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Art History and Visual Culture: Finding and using library resources for assignments: 4. How do I search effectively?

For effective online searching you need to invest time up front to develop a search strategy using a range of search techniques.

Keywords and advanced search techniques

Before you start searching, spend some time defining your research topic. Ask yourself, what is it that you want to find out? What search terms or keywords will find this information?

Use whatever technique works best for you - e.g. brainstorming, words lists or mind maps etc. can help you think around your topic and identify all possible search concepts and terms. 

 

Once you have identified your keywords and synonyms, it is really useful to organise them by concept. This will enable you to combine your keywords and carry out complex searches in one go (see next tab).

You may find it useful to use a table or circle. For example:

“How do questions of identity raise issues of power relations in the modern world?"

                           

The keywords have been organised by concept. As you can see, the keywords have been picked from the essay title itself but you can expand on them.

 
It is possible to use a number of different keywords in a single search, by using operators.
 

The three most commonly used operators are ANDORNOT.  These are known as Boolean operators. They can be used to broaden or narrow a search and to exclude unwanted concepts.

 


These techniques will improve the relevancy of your results by only returning results that match your instructions. 

NOTE:

  • To increase number of results = Use truncation, wild cards and brackets
  • To decrease the number of results = Use phrase searching and multiple keywords

If we use the original essay example, a typical search may look like this:

How do questions of identity raise issues of power relations in the modern world?”.

                                

Evaluating sources

The ability to evaluate the academic quality of the information you find is a core aspect of scholarly research. 

This is particularly important when searching online and using tools like Google. While textbooks and academic journals will likely have gone through a rigorous review and editing process, there are no such guarantees for much of the information you can find online.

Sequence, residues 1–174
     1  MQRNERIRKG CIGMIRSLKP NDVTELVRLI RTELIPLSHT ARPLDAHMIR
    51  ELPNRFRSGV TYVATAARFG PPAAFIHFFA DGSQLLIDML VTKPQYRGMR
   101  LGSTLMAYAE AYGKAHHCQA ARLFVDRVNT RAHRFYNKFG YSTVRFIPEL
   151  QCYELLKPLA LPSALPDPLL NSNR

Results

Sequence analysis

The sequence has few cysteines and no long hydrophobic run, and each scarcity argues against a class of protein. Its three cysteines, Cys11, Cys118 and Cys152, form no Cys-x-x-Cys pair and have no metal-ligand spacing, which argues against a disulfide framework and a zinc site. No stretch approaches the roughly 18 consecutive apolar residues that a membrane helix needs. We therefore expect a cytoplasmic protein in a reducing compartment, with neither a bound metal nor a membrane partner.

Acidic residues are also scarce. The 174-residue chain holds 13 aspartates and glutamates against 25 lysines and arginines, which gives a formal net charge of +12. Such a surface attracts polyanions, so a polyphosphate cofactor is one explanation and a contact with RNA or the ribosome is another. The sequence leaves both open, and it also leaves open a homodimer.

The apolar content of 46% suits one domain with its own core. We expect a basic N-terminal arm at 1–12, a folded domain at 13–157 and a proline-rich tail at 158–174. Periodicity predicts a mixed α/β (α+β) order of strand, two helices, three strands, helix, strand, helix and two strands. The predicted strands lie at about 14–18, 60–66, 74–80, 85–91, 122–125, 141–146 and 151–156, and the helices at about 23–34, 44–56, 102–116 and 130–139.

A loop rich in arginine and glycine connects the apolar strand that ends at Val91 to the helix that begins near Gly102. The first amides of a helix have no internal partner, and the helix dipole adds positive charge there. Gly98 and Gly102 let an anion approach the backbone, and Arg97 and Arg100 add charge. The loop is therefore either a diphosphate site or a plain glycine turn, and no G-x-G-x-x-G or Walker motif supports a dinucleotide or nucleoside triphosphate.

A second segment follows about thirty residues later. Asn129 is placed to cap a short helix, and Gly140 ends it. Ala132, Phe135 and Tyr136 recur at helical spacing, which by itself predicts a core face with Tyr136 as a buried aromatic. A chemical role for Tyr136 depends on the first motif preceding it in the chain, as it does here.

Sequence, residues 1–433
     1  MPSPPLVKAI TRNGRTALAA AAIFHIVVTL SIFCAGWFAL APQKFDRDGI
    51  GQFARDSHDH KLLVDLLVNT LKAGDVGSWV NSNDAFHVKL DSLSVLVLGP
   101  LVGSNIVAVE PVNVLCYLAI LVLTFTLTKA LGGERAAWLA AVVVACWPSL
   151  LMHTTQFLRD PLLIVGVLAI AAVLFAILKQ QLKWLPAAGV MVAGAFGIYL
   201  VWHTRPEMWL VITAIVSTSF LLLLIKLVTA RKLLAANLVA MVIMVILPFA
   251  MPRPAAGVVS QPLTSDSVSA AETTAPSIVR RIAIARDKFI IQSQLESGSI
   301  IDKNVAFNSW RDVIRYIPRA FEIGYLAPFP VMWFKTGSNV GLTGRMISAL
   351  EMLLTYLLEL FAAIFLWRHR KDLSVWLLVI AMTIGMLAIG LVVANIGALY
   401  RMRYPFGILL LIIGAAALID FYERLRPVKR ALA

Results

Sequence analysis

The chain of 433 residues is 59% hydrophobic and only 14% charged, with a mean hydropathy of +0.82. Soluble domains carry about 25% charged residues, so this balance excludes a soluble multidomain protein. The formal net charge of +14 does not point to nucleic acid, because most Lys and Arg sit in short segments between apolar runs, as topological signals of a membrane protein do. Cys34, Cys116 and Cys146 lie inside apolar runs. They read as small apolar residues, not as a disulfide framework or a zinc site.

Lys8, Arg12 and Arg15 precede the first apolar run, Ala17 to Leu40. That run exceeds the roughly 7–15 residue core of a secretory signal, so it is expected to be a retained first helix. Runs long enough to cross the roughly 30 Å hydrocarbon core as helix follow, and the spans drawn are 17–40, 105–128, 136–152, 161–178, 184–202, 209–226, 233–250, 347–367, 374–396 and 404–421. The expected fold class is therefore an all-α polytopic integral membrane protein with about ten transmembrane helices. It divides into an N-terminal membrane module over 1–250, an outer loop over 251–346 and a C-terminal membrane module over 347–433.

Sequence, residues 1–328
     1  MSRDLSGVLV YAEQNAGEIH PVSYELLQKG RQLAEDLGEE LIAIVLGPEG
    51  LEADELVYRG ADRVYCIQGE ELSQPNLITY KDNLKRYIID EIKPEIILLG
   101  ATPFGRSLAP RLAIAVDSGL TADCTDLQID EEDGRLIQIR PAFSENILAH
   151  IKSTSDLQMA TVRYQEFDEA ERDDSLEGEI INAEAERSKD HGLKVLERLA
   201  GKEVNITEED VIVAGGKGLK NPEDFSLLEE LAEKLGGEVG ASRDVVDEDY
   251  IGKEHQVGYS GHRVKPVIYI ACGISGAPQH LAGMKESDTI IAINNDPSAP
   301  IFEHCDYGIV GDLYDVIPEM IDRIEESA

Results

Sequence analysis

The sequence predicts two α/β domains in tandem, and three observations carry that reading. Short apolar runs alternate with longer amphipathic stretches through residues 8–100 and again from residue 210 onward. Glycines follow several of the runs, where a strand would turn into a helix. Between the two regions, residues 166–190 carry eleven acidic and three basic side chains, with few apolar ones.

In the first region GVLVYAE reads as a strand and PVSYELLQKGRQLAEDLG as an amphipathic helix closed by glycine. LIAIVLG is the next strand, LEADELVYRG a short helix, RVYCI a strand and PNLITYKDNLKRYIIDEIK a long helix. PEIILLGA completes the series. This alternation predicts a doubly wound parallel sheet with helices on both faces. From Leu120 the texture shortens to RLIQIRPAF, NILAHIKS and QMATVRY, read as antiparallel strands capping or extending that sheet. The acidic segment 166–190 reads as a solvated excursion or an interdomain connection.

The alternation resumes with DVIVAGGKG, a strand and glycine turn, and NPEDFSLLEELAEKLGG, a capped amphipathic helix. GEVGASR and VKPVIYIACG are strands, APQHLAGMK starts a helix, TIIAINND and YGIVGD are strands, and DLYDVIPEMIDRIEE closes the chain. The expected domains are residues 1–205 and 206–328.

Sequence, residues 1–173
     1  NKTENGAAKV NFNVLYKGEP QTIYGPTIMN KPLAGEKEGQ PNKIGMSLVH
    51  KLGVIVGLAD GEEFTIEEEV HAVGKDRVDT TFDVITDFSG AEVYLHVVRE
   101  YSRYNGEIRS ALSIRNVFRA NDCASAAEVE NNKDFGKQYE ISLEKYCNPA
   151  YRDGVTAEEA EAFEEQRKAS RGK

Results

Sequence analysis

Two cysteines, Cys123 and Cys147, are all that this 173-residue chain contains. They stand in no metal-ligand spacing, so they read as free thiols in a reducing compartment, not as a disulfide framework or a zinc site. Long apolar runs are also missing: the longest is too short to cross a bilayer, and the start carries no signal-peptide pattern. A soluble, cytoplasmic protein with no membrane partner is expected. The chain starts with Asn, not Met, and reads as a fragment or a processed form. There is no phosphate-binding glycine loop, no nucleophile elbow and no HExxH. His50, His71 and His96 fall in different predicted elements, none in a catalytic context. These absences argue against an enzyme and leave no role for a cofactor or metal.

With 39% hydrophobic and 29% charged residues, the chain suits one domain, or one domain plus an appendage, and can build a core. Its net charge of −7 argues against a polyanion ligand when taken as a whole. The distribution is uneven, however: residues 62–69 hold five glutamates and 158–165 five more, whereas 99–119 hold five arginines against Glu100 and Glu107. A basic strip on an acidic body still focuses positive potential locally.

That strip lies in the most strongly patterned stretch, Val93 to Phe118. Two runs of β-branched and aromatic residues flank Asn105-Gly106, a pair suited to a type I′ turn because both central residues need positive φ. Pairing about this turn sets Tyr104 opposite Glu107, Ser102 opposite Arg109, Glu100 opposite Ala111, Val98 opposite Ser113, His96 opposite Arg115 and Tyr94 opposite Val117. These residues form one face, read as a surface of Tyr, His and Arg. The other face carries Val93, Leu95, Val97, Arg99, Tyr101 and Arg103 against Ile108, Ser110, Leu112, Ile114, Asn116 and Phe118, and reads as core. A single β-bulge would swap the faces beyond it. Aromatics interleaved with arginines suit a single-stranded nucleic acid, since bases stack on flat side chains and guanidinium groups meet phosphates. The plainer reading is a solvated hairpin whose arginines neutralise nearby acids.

The CRAAP test provides simple criteria for judging the academic quality of information. By asking some questions of the sources you encounter, you can successfully boost the quality of information you use in your work.

The five main CRAAP test criteria are:

  • Currency
  • Relevancy
  • Accuracy
  • Authority
  • Purpose

In an age of misinformation and fake-news, the ability to  evaluate the quality of the information we find has never been more important. 

Currency: the timeliness of the information

  • When was the information published or posted?
  • Has the information been revised or updated?
  • Does your topic require current information, or will older sources work as well?
  • Are the web links functional?

Relevancy: the importance of the information for your needs

  • Does the information relate to your topic or answer your question?
  • Who is the intended audience?
  • Is the information at an appropriate academic level?
  • Have you looked at a variety of sources before determining this is one you will use?
  • Would you be comfortable citing this source in your research paper?

Accuracy: the reliability and correctness of the content

  • Is the information supported by evidence (e.g. references, research data)?
  • Has the information been reviewed or refereed?
  • Can you verify any of the information in another source or from personal knowledge?
  • Are there spelling, grammar or typographical errors?

Authority: the source of the information 

  • Who is the author/publisher/source/sponsor?
  • What are the author's credentials or organisational affiliations?
  • Is the author qualified to write on the topic?
  • Is there contact information, such as a publisher or email address?
  • Does the URL reveal anything about the author or source? examples: .com .edu .gov .org .net

Purpose: the reason the information exists

  • What is the purpose of the information? Is it to inform, teach, sell, entertain or persuade?
  • Do the authors/sponsors make their intentions or purpose clear?
  • Is the information fact, opinion or propaganda?
  • Does the point of view appear objective and impartial?
  • Are there political, ideological, cultural, religious, institutional or personal biases?
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